Padres: Offense and Defense Aren’t Synced Up

The Padres have stumbled out of the All-Star Break, and the results have shown that the team isn’t firing on all facets.

The San Diego Padres have lost ground in the National League playoff race, as they find themselves last in the NL West at 47-52, five games out of the second Wild Card spot.

They’ve started the unofficial second half of the season with a bumpy 2-7 record (getting outscored 37 to 47 along the way) after entering the All-Star Break taking three-in-a-row from the Los Angeles Dodgers. But unlike then, the squad has not been clicking on all cylinders, with the pitching holding the team back.

The Padres’ team ERA is at an ugly 4.94 mark, with the starting rotation acting as the primary culprit. In nine games, they’ve amassed just 41.1 innings while allowing 29 runs (27 earned- 5.88 ERA) and an opponents’ .846 OPS.

But that is taking into account two strong starts from rookies Chris Paddack and Cal Quantrill. Remove their 13.1 innings, and the Padres’ starting staff has allowed 26 earned runs in 28 innings (8.36 ERA) with a 1.96 WHIP. Not exactly helpful to the team.

On the flip side, while the offense hasn’t been world-beaters, they’ve been respectful and are getting performances from various bats.

Over the past nine games, free-agent signing, Manny Machado has amassed 11 hits on his way to a 1.009 OPS and five home runs. Young center fielder, Manuel Margot, has a 1.074 OPS with a couple of home runs in 33 plate appearances. This continues his strong play over the last 30 games, where he’s been hitting a robust .289/.398/.566 with four home runs.

And rookies Fernando Tatis Jr. and Francisco Mejia have a .825 and .875 OPS, respectively, with two home runs apiece.

Can they get better performances from across the lineup? Can Hunter Renfroe, Wil Myers, Eric Hosmer, and Franmil Reyes improve? Surely. And they are bound to raise their play as they’ve proven all season long that they can hit. Not to mention, it’s only been nine games, which is a small sample size.

However, the reason the pitching struggles are a bit more disturbing is that it was the Padres’ Achilles heel heading into 2019- particularly the starting rotation because of their youth, inexperience, and lack of quality options.

Eric Lauer was supposed to take a step forward this year, but the young lefty is the same pitcher as last, which isn’t a good thing. Rookie Logan Allen has allowed 15 runs in his previous three appearances, while Joe Luchessi has a 4.27 ERA.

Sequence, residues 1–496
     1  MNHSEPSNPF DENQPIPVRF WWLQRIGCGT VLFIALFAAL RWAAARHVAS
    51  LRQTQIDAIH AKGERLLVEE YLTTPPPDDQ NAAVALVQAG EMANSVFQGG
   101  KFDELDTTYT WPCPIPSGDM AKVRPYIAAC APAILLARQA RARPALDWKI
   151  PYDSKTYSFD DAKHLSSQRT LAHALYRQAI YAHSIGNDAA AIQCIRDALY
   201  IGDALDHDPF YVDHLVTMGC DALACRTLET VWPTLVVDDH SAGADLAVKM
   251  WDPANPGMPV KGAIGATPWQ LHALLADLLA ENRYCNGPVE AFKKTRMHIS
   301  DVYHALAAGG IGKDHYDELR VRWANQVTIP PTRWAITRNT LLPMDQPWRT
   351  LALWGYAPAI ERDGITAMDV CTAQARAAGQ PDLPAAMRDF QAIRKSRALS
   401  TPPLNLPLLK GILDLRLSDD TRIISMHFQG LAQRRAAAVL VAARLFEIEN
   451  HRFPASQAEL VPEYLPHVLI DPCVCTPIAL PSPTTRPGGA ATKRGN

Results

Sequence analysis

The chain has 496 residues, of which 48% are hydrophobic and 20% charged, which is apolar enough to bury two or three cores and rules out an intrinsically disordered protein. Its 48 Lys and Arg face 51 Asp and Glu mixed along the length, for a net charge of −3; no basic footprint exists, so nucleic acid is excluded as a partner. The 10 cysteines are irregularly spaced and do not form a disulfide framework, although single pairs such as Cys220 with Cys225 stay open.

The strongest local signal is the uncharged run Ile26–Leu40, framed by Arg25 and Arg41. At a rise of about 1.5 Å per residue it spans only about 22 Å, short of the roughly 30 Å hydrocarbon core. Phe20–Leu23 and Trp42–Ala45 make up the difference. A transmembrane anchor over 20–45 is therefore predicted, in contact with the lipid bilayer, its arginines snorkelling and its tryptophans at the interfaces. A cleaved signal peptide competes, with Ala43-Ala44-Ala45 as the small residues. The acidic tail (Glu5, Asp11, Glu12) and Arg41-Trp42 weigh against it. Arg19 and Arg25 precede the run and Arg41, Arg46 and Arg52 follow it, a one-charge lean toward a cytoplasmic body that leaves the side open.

Right-hander Dinelson Lamet recently made his season debut after recovering from Tommy John surgery, so we shouldn’t expect him to be mowing down hitters anytime soon.

Even Quantrill, who has put together back-to-back impressive outings, had a 4.83 ERA in 11 outings before then. And Chris Paddack is a rookie who already showed signs of hitting one rookie wall, so it’s not out of the question he struggles once more.

The starting rotation is young, with the most experienced arms, mediocre-at-best. Asking such an inexperienced staff to perform in a playoff chase consistently is asking a lot because you can’t trust young pitching. It’s the main reason why the Padres have a -45 run differential.

The best teams are the ones that fire on all cylinders, save for expected slumps here and there. But even when one of the parts of a good team is temporarily broken, it’s up to the other units to pick them up.

When the offense is struggling, your pitching needs to hold the fort down and either protect a lead or keep the game within reach. On the other side, if the pitching can’t shut down the opposition, hope that a lineup full of talent can carry the load.

Take the Dodgers, for example. Their bullpen has been one of the worst in the game, but their starting pitching has been so good that it’s hidden the relief corps from hurting as much as it could have, while the offense has made up for their late-game blunders. Hence, the best record in the game.

Unfortunately for the Padres, they’ve been a highly-flawed team that’s missing perhaps the most important cylinder. And in the long-run, a subpar rotation will always anchor a group down from winning, regardless of how the offense hits.

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